Abstract: Illicit drug use by mothers has been indicated to increase child abuse and neglect. However, investigators have not assessed the relative contribution of particular drugs on child-abuse and neglect potential using validated measures with collateral reports. This study compares the contribution of marijuana and hard-drug use to child-abuse and neglect potential in mothers referred to behavioural treatment by child-protective services. Reports of marijuana and hard-drug use by mothers were three times higher than reports of the mothers’ marijuana and hard-drug use by family or friends, and marijuana- and hard-drug-use reports by mothers were more consistent with urinalysis testing than their significant others. Regression analyses showed mothers’ marijuana and hard-drug-use reports contributed to their potential to abuse and neglect irrespective of socially desirable responding, stress and socio-demographic variables. Reports of mothers’ marijuana and hard-drug use by significant others were not associated with mothers’ child-abuse and neglect potential. Thus, mothers’ self-reports of marijuana and hard-drug use appear to provide greater utility in the prediction of child abuse and neglect, as compared to reports from their significant others. Future recommendations and study limitations are discussed in light of these results.
      PubDate: Tue, 24 Apr 2018 00:00:00 GMT
      DOI: 10.1093/bjsw/bcy027
      Issue No: Vol. 49, No. 1 (2018)
  • The Strengths and Difficulties Questionnaire (SDQ): A Proxy Measure of
           Parenting Stress
    • Authors: McSherry D; Fargas Malet M, Weatherall K.
      Pages: 96 - 115
      Abstract: The Strengths and Difficulties Questionnaire (SDQ) (Goodman, 1997) is a brief behavioural screening questionnaire for three- to sixteen-year-olds. It is commonly used in clinical practice and research, particularly in the UK, and is completed by parents, carers and teachers. The measure was utilised in a cross-sectional phase of a longitudinal study of children in care, namely the Care Pathways and Outcomes Study, alongside a measure of parenting stress, the Parenting Stress Index—Short Form (PSI-SF) (Abidin, 1995), with a sub-sample of children (n = 72) aged nine to fourteen and their parents and carers. A Pearson Correlation Coefficient indicated a strong positive correlation between these two measures (r= 0.71), with normal and abnormal scores on one measure corresponding to normal and abnormal scores on the other. Consequently, it is argued that the SDQ may be considered a proxy measure of parenting stress, with scores in the clinical range being highly predictive of clinical levels of parenting stress. As such, SDQ-informed interventions for adopted children and children in care and others where behavioural problems have been detected should be developed to include a consideration of the needs of parents and carers, specifically in relation to reducing levels of parenting stress.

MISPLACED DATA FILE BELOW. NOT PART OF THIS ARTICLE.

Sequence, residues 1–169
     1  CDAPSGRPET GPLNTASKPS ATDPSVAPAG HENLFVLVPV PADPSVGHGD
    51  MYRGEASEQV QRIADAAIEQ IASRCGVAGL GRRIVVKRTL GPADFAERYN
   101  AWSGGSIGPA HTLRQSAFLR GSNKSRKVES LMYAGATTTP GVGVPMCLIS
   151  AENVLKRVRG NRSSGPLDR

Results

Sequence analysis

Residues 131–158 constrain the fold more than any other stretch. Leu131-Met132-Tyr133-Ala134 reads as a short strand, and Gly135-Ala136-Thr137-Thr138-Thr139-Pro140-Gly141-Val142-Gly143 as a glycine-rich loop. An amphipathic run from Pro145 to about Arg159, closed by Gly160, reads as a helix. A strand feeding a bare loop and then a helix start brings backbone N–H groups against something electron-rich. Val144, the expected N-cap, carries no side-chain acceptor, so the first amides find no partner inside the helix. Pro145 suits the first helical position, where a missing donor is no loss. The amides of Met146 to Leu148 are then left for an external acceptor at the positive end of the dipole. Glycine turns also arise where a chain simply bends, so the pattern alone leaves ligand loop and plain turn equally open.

PubDate: Tue, 24 Apr 2018 00:00:00 GMT
      DOI: 10.1093/bjsw/bcy021
      Issue No: Vol. 49, No. 1 (2018)
  • Research Evidence to Inform Strengths-Based Policy and Practice: Mapping
           the Coping Strategies of Young Women in Mozambique
    • Authors: Hutchinson A.
      Pages: 116 - 134
      Abstract: Unintended pregnancy amongst young women in Mozambique is associated with many ‘problems’ and ‘poor outcomes’, yet little is known about how young women, their family and communities actually respond to these problems. Qualitative research on the coping strategies used by young mothers under twenty years of age in response to conflictual relationships, poor material provision, poor health and poor educational access in Mozambique is presented. Data were constructed through twenty-one semi-structured narrative interviews with young mothers (sixteen to nineteen years old) from two regions (urban/south and rural/north) on their experience of coping with unintended pregnancy. Thematic data analysis to identify coping strategies was completed using NVivo 7. The majority of strategies identified were ‘relational’ in nature, highlighting the importance of developing interventions that strengthen naturally occurring strategies used by women, their families and communities. The findings are used to illustrate the role of strength-based research in developing policy and practice, particularly in relation to community development and groups considered unable to ‘cope’ or ‘get on’. It is also important to ensure strengths-based approaches are used to tackle structural inequalities and strengthen organisational resources, despite this being a strong critique levied at strength-based interventions.
      PubDate: Fri, 20 Apr 2018 00:00:00 GMT
      DOI: 10.1093/bjsw/bcy025
      Issue No: Vol. 49, No. 1 (2018)
  • Developments in Electronic Information Systems in Social Welfare Agencies:
           From Simple to Complex
    • Authors: Gillingham P.
      Pages: 135 - 146